Please forward this error screen to sharedip-16662734. This is the latest accepted revision, reviewed on 25 March 2018. For other people named Robert Ford, see Robert Video game truck toronto. Canadian politician and businessman who served as the 64th Mayor of Toronto from 2010 to 2014.
Prior to and after his term as mayor, Ford was a city councillor representing Ward 2 of Etobicoke North. His political career, particularly his mayoralty, saw a number of personal and work-related controversies and legal proceedings. In 2013, he became embroiled in a substance abuse scandal, which was widely reported in the national and international media. Ford was born in Etobicoke, where he attended Scarlett Heights Collegiate. Progressive Conservative Member of the Ontario Legislature from 1995 to 1999. Ford attended Scarlett Heights Collegiate in Etobicoke.
In August 2000, Ford married Renata Brejniak, whom he had met in high school, at All Saints Roman Catholic Church in Etobicoke. They had been dating since Brejniak’s divorce from her first husband in February 1996. Ford served as a city councillor on Toronto City Council from 2000 to 2010. Ford served three terms as city councillor from 2000 until October 2010, representing Ward 2 Etobicoke North.
During his term as councillor, Ford was a strong critic of councillors’ spending. Ford was known for his controversial comments and passionate arguments at Council. Ford first ran for Toronto City Council in 1997, placing fourth to Gloria Lindsay Luby in Ward 3 Kingsway-Humber. Ward 2 is located in the north-west corner of the city in the former city of Etobicoke.
It is also known as an area that has seen gang violence, including six murders in 2000. Ford had previously resided in the ward, but moved in 2000 prior to the election, after his marriage, to Ward 4. Ward 2, defeating two candidates from the local Somali community. It was during the 2001 budget deliberations that Ford earned a reputation for passionate speeches.
Toronto Mayor Mel Lastman was pleading with other governments for financial assistance. 200,000 office budget, money for travel to conferences, ending city limousine usage and club memberships. During the debates around the 2002 municipal budget, Ford and Councillor Giorgio Mammoliti got in several heated exchanges, where Mammolitti called Ford a “goon” and Ford called Mammolitti a “scammer”. The argument got heated to the point where Ford called Mammolitti a “Gino-boy”.
Mammolitti called the insult a “racist remark” and filed a complaint with the city’s human-rights office. In the 2003 municipal election, Ford endorsed twelve political candidates on a platform of fiscal responsibility to take on fellow councillors: “We just need to get rid of these lifelong politicians that just give out money to special interest groups and don’t serve the community. We need to get a new council or this city is going to go down the drain. Ford made a priority of responding to local constituents’ problems, often returning calls himself or meeting with city staff to resolve problems.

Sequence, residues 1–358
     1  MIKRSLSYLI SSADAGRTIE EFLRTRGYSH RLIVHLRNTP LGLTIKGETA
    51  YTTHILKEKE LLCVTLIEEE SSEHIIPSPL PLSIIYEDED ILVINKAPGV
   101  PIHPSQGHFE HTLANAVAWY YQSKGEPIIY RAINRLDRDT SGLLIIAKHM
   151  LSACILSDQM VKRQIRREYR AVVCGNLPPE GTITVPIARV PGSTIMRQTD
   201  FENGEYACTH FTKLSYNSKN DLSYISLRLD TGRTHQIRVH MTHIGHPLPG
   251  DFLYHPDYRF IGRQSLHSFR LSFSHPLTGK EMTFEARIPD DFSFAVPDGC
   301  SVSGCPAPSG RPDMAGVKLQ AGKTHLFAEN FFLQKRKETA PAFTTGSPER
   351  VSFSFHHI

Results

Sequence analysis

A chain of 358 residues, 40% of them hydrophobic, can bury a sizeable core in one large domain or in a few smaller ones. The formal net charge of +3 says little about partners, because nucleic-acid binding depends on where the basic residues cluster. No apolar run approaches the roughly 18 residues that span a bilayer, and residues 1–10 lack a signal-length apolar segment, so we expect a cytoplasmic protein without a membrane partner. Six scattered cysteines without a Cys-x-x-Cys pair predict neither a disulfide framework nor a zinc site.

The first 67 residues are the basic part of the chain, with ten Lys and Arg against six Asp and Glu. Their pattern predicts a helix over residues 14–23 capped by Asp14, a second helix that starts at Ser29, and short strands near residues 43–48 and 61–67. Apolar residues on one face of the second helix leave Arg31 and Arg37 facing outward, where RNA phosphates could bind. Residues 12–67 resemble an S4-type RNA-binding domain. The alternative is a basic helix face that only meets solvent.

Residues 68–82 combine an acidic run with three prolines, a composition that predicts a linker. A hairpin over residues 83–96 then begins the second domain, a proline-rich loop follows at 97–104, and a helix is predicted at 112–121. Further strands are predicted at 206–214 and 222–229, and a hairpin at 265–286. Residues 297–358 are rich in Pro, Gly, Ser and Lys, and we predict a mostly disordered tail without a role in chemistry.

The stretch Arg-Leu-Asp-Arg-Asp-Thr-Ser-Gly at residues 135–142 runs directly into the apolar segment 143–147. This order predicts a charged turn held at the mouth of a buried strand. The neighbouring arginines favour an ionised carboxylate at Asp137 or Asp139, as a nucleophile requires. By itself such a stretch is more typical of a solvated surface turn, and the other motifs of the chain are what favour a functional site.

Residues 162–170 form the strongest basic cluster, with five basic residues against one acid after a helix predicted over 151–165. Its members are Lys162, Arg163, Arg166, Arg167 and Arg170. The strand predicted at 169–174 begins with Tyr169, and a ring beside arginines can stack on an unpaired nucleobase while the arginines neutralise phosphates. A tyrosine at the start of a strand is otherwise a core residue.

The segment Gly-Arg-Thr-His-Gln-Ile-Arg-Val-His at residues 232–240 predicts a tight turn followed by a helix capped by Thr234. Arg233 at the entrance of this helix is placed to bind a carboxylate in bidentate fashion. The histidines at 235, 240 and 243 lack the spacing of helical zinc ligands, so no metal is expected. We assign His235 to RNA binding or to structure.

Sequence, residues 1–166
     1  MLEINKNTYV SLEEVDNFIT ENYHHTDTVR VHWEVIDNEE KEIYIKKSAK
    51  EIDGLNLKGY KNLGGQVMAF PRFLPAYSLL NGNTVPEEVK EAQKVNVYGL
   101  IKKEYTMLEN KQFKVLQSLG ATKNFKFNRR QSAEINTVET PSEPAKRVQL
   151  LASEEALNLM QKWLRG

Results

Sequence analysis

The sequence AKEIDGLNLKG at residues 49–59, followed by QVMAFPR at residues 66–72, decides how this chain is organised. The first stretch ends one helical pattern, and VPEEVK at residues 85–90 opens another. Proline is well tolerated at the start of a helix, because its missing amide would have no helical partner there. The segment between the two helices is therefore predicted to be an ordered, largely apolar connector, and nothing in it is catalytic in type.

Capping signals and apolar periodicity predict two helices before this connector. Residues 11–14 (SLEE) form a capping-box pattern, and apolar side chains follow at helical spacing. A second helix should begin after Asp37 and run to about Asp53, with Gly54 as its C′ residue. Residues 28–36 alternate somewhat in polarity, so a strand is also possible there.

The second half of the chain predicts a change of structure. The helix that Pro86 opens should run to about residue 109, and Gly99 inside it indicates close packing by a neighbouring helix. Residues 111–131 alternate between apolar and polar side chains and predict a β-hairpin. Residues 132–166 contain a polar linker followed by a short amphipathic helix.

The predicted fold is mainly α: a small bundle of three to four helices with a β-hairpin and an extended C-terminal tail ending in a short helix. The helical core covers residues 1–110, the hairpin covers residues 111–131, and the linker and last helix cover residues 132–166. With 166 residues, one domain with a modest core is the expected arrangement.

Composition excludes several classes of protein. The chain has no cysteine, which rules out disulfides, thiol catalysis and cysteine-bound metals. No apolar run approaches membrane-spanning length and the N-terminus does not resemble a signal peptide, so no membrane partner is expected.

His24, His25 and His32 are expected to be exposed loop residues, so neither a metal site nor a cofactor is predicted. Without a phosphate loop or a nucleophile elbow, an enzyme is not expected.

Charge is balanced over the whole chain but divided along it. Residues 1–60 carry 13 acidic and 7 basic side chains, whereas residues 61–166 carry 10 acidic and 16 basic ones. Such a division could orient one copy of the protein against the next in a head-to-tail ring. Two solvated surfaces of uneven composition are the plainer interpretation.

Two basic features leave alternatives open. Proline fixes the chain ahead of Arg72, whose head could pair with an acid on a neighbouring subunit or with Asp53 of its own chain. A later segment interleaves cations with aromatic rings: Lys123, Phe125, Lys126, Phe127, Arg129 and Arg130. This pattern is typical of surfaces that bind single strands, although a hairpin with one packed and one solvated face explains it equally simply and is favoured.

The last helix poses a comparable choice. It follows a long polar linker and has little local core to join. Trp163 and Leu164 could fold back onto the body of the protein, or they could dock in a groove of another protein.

In 2005, local radio station AM 640 tested councillors on their response by having a reporter make an after-hours call to report a pothole. Ford was one of only three councillors to call back in person, within a day. 5 million to help prevent AIDS, arguing that most taxpayers should not be concerned with AIDS. On March 7, 2007, Ford spoke out against cyclists sharing roads with motorists, which were “built for buses, cars, and trucks, not for people on bikes”. After the election, Ford had outgoing councillor Case Ootes, a former City of Toronto budget chief, head the “transition team. During the first year in office, Council mostly endorsed Ford’s proposals. Ford privatized garbage pickup west of Yonge Street.
Previously, only Etobicoke had privatized waste removal. Ford’s first year as mayor in 2011 saw no property tax increase, and subsequent years increases were less than the rate of inflation. Ford registered on January 2, 2014, as a candidate in the fall’s mayoral election. Ford participated in several debates but went on a leave of absence in May and June to deal with his substance abuse issues after a video surfaced of him smoking crack cocaine. Ford volunteered his time to coach high school football. Ford first coached at Newtonbrook Secondary School in 2001 until he was dismissed over a dispute with a player. In September 2017, Toronto mayor John Tory, along with councillor Stephen Holyday and the Ford family, proposed renaming Centennial Park Stadium to Rob Ford Memorial Stadium to honour Ford’s coaching.